“Life is what happens to you while you’re busy making other plans.” This quote is usually attributed to John Lennon.
But it also seems to be ringing true for David Poltorak, as his plans of a screenwriting career continue to be interrupted by his role as Sale of the Century question writer and adjudicator…
DP: Each year, the show’s run would be extended… the numbers were gradually trending down, but they’d pick up occasionally, you know. They’d throw in a special, and they’d go up again, briefly. But we got all the way to the end of 2001.
SH: And during this time, when you’re doing your behind-the-scenes work, was it a full-time job? Was it nine to five?
DP: Oh, absolutely. That was the thing; it so quickly became all-consuming. As I said, I had to write 180 questions a week. I was madly scouring newspapers and magazines for anything contemporary that was happening in the news. But most of the stuff was coming from either dictionaries or Britannica. There were 12 A-Z volumes of Britannica. So, each week, I’d open say Volume One of Britannica. And I’d start at the front, find my first question there. Then I’d go to the back, and working from the back, get my next question there, work my way to the middle. So, I got 24 questions a week from Britannica. I got another 10 from the Guinness Book of World Records. I had another book called Rock and Pop Day by Day, which was just a sort of calendar of musical events, births, deaths and record releases since the 50s. So that was a source of another possibly 10 questions. I had a Halliwell’s Film Guide, I’d get at least five questions from there. At the end of ‘91 – my first year on Sale – I got my first laptop; an Apple black and white laptop. So I’d take that to the studio with me and I’d spend the day in my downtime, looking for questions out of World Book Dictionary, which I found is a very user-friendly dictionary. It was written for the normal person in America. So, the language tended to be very simple. It wasn’t highfalutin, like the Oxford dictionary or even the Macquarie dictionary, which tended to be a little bit verbose in its definitions.
SH: And you were writing 180 questions a week. How many question writers were there?
DP: There was one other guy who was writing the ‘Fast Money’s and the ‘Fame Game’s. Initially, that was Graeme Rickerby, then another former winner on the show, Brian Fitzpatrick.
SH: So just two people writing all the questions for the show?
DP: Yeah. And then, each week, we had to check each other’s questions.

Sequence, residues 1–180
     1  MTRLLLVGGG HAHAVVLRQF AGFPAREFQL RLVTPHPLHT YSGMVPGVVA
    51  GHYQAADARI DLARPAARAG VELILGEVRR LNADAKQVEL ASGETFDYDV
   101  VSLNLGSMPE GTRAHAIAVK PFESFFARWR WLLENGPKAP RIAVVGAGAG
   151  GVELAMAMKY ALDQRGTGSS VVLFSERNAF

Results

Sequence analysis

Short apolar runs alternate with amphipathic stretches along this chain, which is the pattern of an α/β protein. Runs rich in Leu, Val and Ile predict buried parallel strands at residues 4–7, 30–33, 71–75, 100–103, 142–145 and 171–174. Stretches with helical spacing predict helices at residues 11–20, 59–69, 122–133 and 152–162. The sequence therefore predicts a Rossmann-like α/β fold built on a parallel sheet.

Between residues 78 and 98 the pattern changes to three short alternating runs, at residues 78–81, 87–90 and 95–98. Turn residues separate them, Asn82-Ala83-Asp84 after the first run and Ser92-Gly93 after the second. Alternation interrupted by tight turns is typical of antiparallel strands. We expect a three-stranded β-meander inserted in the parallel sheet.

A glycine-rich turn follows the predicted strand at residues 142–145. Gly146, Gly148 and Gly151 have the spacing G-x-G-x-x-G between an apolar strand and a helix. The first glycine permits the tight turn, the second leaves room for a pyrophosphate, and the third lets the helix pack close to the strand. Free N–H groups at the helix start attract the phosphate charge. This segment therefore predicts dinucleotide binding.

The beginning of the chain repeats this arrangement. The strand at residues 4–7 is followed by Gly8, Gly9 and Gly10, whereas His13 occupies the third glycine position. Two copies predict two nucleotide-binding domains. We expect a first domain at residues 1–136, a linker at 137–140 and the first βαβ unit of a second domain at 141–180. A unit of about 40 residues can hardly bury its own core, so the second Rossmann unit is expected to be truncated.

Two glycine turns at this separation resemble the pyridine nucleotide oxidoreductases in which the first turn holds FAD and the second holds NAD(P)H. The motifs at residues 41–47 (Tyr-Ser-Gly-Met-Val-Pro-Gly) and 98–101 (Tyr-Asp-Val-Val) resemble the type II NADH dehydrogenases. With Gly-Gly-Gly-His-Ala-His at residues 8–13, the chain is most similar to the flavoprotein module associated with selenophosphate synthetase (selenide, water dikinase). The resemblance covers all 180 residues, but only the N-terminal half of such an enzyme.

DP: So, I’d be on the plane (from Sydney to Melbourne), going through the questions, making notes, and then we’d have a production meeting for a couple of hours for each record day. And then I’d bring up any issues that were there; there might be doubles, there might be badly written questions that needed to be retyped. We had a gang of girls who just used to type cards all day because everything was done on IBM golf balls, nothing was computerized. I mean, the questions were delivered to me by courier, they were printed out down in Melbourne, they came up to me in Sydney by courier, so I was reading question cards on the plane going back down to Melbourne.
SH: There were no other options back then.
SH: When you were in that job, were there moments where you thought, “Ah, I wish I’d known this when I was a contestant”? Is there anything that you-as-a-question-writer would’ve liked to have told you-as-a-contestant?
DP: Well, this is a bit silly, but I remember one bit of flippant advice I used to give people was, if they ask “What European capital city…” just jump in early and say “Paris!”
SH: Okay. And that works?
DP: Well, it worked for me once on a championship, and it is arguably the most famous capital city in Europe, so when in doubt…
DP: On one of the episodes I was on, there were at least four consecutive answers that started with D. And I thought ‘the question writer is writing from a dictionary, but they’re not even shuffling the questions around’!
DP: It might have been coincidence, but I thought I had a little insight into her process. It’s the pressure of having to churn out so many questions.
Next week, David reveals his very best tips for aspiring game show contestants, and we’ll find out exactly what tempted him back in front of the cameras for his very successful tilt on last year’s Beat The Chasers!
See you then.